June 8, 2012
The Secret of Innovative Corporations
Not long ago, establishing quality procedures was at the core of a company’s managerial dynamics. Few could escape quality circles, ISO standards, or implementing processes that advocated the “right way” of getting things done in order to improve efficiency. Everything was about streamlining practices to improve productivity and quality as well as about uniting the […]
Not long ago, establishing quality procedures was at the core of a company’s managerial dynamics. Few could escape quality circles, ISO standards, or implementing processes that advocated the “right way” of getting things done in order to improve efficiency. Everything was about streamlining practices to improve productivity and quality as well as about uniting the members of the company around the idea of the proper way to work and provide service. Through such efforts companies would gain competitiveness and margin points and they would take the lead over others.
Quality management is a powerful management tool. It gathers the staff around a clear and virtuous purpose: doing better what we were already doing well. It reassures customers, who, informed about the company’s virtue, trust it. This system works, if all competitors live in a similar context, facing the same constraints.
But the arrival of “emerging markets,” with lower production costs, has shattered all the management reflexes born from quality processes. In this context the idea of doing better what the company already does well is useless: their competitors from Asia, India, and elsewhere have changed the game.
For a time, Western companies claimed that the Chinese, for instance, would never be able to produce the same quality as they were producing. They were wrong. Our markets are swarming with excellent products coming from countries with low production costs.
In this global world, industrial paradigms have been shattered to pieces, balance is challenged, and industrial and business processes need to be reconsidered incessantly, or else risk seeing structures shrivel up and die.
Quality must adapt perpetually. It must make room for innovation and leave well-worn paths in order to discover new ones–urgently.
Companies must restrain themselves from all restrictions when it comes to their ability to innovate, to mutate, and to change what they do. In spite of this, of course, the point is not to drop quality but to shake loose from the restraints of the processes.
The era of “total quality” was an era of managers-administrators. They knew how to establish a rule, how to enforce it, how to control it, how to punish those who did not comply. Management was taught as if it were an exact science, with a techno-scientific logic.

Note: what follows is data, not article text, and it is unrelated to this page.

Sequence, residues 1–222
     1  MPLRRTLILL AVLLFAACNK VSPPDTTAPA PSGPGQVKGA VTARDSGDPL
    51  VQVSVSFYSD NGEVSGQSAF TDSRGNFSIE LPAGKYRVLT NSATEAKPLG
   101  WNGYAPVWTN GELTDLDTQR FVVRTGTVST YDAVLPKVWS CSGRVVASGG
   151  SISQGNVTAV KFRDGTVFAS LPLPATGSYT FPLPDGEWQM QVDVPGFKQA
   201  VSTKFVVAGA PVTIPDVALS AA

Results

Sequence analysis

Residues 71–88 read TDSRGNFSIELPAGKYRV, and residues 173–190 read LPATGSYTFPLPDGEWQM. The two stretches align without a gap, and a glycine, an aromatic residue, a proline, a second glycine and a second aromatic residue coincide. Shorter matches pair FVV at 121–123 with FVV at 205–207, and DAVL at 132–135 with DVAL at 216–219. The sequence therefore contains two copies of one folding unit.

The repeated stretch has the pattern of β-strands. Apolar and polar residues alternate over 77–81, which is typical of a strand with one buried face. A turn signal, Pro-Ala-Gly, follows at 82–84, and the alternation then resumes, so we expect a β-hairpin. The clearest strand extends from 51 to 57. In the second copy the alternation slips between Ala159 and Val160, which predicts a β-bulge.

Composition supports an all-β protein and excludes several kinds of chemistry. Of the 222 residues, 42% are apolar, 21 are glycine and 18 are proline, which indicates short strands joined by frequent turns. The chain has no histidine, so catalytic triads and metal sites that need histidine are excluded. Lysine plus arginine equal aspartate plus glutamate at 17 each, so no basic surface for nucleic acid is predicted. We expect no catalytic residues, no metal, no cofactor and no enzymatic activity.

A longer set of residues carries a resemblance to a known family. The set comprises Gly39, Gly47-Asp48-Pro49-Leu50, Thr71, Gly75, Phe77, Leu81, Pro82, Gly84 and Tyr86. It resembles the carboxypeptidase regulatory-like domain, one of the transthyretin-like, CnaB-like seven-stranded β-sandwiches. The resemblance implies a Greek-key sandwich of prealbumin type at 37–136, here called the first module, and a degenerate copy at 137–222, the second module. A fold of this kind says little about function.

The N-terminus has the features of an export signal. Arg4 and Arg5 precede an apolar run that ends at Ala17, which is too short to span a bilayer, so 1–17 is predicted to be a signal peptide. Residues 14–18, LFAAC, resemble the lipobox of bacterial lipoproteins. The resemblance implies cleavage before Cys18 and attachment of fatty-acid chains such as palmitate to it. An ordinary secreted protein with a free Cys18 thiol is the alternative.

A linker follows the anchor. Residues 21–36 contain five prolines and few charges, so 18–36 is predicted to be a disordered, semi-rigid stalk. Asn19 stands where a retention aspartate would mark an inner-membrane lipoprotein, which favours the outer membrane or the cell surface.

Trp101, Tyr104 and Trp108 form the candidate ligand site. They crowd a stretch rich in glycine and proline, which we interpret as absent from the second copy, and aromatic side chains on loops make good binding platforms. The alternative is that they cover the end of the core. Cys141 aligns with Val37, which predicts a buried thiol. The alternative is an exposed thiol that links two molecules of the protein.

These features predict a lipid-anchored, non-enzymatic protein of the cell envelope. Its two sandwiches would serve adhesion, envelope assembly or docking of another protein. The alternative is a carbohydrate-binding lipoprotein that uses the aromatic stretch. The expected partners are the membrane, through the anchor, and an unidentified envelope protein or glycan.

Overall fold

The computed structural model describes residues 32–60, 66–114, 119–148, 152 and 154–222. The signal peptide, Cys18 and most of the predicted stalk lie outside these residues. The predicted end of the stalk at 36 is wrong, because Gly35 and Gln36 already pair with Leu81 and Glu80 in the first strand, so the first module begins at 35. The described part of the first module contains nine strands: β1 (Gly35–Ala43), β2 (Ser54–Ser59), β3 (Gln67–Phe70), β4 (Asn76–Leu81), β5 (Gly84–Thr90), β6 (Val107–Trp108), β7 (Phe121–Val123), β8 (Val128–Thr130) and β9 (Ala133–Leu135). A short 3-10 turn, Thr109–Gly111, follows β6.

The era of the innovative company is that of entrepreneurs, those who risk, differ, deflect, can be wrong; those who use innovation to take decisive advantages over their competitors. In this new context, employees should turn into entrepreneurs since they are given new responsibilities. Promoting initiatives, project groups, suggestion boxes… all these practices are well known but often forgotten, in a world the focused only on meeting specifications. These practices must be restored for good; the company must become a place of exchange and not constraints.
The era of innovation is the era of design management, of the entrepreneur-designer. This person gathers different skills, and values the ideas of all to help them plan the future and see ahead. The innovative firm engages with the managerial approach by systematically questioning certainties. The central question of our time is: “What else can I do with what I know how to do?”
Designers know how to ask the right questions. They ask banks: “What if your downtown agencies were no longer banks?”; automotive industries: “And if you did not produce cars any more?”; hotels: “And if your rooms were meant for other things than sleeping?” There is no doubt that design and designers can play a capital management role in the era of innovation. They give meaning and images to plans of the future, softening the anguish of change.
Christian Guellerin has been president of Cumulus, the International Association of Universities and Schools of Design, Art and Media since 2007. Under his leadership the organization grew from 80 to 178 establishments in 44 countries In 2008 ; today they’re expanding to China and India. He is also the executive director of the Ecole de design Nantes Atlantique, which trains professionals to create and innovate for socio-economic development, with an interface between technology, economics, and the sciences. He writes frequenly on design and pedagogy and teaches in several schools and universities in France and abroad.